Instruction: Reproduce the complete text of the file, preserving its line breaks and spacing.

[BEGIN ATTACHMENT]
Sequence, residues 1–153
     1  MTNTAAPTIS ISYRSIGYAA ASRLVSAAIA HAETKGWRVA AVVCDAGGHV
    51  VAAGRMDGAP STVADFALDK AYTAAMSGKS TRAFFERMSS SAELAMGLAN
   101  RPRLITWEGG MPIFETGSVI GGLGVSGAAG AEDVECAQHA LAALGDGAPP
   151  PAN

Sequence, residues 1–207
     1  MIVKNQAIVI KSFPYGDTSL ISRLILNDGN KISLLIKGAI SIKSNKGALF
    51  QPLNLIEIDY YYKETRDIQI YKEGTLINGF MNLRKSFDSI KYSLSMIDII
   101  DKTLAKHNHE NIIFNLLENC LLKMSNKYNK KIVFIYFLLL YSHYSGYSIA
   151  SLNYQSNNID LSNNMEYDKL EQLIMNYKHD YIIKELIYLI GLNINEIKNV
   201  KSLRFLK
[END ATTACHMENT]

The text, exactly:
Sequence, residues 1–153
     1  MTNTAAPTIS ISYRSIGYAA ASRLVSAAIA HAETKGWRVA AVVCDAGGHV
    51  VAAGRMDGAP STVADFALDK AYTAAMSGKS TRAFFERMSS SAELAMGLAN
   101  RPRLITWEGG MPIFETGSVI GGLGVSGAAG AEDVECAQHA LAALGDGAPP
   151  PAN

Sequence, residues 1–207
     1  MIVKNQAIVI KSFPYGDTSL ISRLILNDGN KISLLIKGAI SIKSNKGALF
    51  QPLNLIEIDY YYKETRDIQI YKEGTLINGF MNLRKSFDSI KYSLSMIDII
   101  DKTLAKHNHE NIIFNLLENC LLKMSNKYNK KIVFIYFLLL YSHYSGYSIA
   151  SLNYQSNNID LSNNMEYDKL EQLIMNYKHD YIIKELIYLI GLNINEIKNV
   201  KSLRFLK